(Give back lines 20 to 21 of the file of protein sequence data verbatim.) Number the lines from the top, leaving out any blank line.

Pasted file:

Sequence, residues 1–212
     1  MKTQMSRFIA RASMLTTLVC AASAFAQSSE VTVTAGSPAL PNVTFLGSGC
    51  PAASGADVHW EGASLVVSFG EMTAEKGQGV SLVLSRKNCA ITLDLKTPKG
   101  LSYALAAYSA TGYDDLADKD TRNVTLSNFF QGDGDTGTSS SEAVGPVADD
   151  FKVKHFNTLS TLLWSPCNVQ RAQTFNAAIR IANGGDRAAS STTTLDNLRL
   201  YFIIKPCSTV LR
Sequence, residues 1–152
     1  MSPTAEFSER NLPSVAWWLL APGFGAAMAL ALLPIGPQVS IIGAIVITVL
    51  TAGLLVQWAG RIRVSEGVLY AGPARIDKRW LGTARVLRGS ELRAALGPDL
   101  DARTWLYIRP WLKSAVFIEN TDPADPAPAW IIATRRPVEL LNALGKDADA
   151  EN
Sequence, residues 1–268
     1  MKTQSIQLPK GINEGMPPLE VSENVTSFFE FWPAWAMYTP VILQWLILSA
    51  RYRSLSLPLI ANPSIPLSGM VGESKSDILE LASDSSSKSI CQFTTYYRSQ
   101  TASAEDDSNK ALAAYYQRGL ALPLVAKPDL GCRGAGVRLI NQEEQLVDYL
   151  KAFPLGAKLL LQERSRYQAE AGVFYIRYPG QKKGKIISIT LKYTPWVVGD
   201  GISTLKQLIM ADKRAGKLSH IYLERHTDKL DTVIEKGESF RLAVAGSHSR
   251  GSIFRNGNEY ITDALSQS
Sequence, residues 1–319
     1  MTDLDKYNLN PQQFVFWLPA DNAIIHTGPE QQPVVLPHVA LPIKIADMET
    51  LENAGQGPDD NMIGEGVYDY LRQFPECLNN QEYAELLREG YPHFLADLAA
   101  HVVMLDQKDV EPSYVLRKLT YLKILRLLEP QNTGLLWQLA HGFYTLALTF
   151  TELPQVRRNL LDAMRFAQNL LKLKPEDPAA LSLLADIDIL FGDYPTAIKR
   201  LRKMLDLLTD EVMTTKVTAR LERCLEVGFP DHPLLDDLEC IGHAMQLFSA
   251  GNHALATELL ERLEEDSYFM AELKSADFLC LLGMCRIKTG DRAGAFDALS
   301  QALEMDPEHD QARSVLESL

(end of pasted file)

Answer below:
     1  MTDLDKYNLN PQQFVFWLPA DNAIIHTGPE QQPVVLPHVA LPIKIADMET
    51  LENAGQGPDD NMIGEGVYDY LRQFPECLNN QEYAELLREG YPHFLADLAA